Nguyen Thai Hang and Vu Thi Kim Hoang
Nguyen Thai Hung’s appeal trial is scheduled for March 29. Hung and his wife Vu Thi Kim Hoang were arrested in January 2022 and convicted of “abusing democratic freedoms” last November. Hung received a four-year sentence while his wife got two and a half years. However, Kim Hoang was released on bail last April after spending four months in pre-trial detention.
At Nguyen Nhu Phuong’s trial on March 20, the court added an extra 15 months to his sentence for a “drug possession” charge on top of the “anti-state propaganda” charge, making his total prison sentence six years and three months. Phuong’s lawyer Nguyen Van Mieng reported on his Facebook page that Phuong said: “I am innocent. I would accept any decision by the court; however, I ask for leniency for my friends.”
CIVICUS has released the results of its monitoring of civic space for 2022. Vietnam ranks near the bottom with only 18 points out of 100. The report states: “Restrictive laws that establish offences such as ‘abusing democratic freedoms’ or ‘spreading materials against the state’ are used in Vietnam to keep more than a hundred activists in jail. The one-party state also used tax evasion laws to criminalise activists such as environmentalist Nguy Thi Khanh.”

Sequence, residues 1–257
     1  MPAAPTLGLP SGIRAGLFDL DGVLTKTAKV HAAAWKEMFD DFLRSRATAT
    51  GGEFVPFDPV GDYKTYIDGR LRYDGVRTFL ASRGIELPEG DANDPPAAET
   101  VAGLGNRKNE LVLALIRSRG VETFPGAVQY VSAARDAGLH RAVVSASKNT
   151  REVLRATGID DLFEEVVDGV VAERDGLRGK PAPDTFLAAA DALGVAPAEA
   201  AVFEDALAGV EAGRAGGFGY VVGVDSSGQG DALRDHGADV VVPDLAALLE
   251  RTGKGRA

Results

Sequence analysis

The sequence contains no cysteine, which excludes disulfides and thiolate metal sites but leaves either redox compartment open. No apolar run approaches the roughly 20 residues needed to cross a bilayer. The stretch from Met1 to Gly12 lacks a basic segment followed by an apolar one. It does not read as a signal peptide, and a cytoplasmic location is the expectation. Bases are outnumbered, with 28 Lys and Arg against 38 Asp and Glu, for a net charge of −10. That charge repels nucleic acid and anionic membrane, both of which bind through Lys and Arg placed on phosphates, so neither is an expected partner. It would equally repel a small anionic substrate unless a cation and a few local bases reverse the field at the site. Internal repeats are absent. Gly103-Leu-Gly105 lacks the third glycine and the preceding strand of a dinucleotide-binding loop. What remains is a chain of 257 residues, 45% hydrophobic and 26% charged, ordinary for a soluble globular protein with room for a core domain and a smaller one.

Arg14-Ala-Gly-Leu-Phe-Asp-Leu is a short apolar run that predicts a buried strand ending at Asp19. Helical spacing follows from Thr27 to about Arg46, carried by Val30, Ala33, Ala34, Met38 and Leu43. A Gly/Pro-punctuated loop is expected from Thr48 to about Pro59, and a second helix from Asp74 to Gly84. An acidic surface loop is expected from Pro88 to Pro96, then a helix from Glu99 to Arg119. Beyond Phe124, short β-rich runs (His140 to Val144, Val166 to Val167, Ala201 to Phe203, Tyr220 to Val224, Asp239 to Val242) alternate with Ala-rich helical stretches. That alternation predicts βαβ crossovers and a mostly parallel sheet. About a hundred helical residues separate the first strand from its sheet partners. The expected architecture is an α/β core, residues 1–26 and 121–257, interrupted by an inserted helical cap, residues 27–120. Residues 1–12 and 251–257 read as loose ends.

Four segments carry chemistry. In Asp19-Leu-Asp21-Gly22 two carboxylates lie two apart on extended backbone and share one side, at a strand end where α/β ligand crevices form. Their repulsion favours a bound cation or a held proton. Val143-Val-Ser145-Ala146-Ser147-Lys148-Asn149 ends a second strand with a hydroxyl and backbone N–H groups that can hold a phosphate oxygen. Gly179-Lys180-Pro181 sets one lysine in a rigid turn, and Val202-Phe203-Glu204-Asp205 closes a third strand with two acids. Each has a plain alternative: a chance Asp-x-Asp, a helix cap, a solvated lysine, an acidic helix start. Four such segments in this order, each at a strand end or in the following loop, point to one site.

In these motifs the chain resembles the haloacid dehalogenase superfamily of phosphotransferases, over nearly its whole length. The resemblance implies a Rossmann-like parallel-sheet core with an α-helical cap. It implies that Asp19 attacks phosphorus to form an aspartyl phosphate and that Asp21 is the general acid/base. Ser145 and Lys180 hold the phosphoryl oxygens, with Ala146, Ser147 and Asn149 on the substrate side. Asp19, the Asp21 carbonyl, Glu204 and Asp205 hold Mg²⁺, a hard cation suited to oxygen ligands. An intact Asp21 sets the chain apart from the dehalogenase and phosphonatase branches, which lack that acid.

The International Commission of Jurists (ICJ) submitted an open letter to Vietnam’s Ministry of Justice and Ministry of Public Security to denounce the ongoing criminal investigation of Dang Dinh Manh under article 331 of Vietnam’s Penal Code, in relation to the legitimate exercise of his professional duties and right to freedom of expression.
NEWS & ANALYSIS
Vietnam accuses lawyers defending Buddhist group of ‘abusing democratic freedoms’. RFA Vietnamese; March 13, 2023: Attorneys Dang Dinh Manh and Dao Kim Lan, two of five defense lawyers working on a case involving the Peng Lei Buddhist Church are accused of “abusing democratic freedoms to infringe on the interests of the state” under Article 331 of Vietnam’s Penal Code. Vietnamese authorities routinely use the statute to attack those speaking out in defense of human rights.
Mythbusting Vietnam’s Recent Leadership Change. Carl Thayer, The Diplomat; March 13, 2023: Recent commentary about leadership change in Vietnam features four assertions:
1. General Secretary Nguyen Phu Trong is emulating China’s Xi Jinping by using an anti-corruption campaign to oust his political rivals;
2. Trong, by consolidating power, is moving Vietnam toward a system of one-man rule;
3. The victims of Trong’s anti-corruption campaign are mainly pro-Western and pro-business, while Trong and his supporters lean toward China ideologically;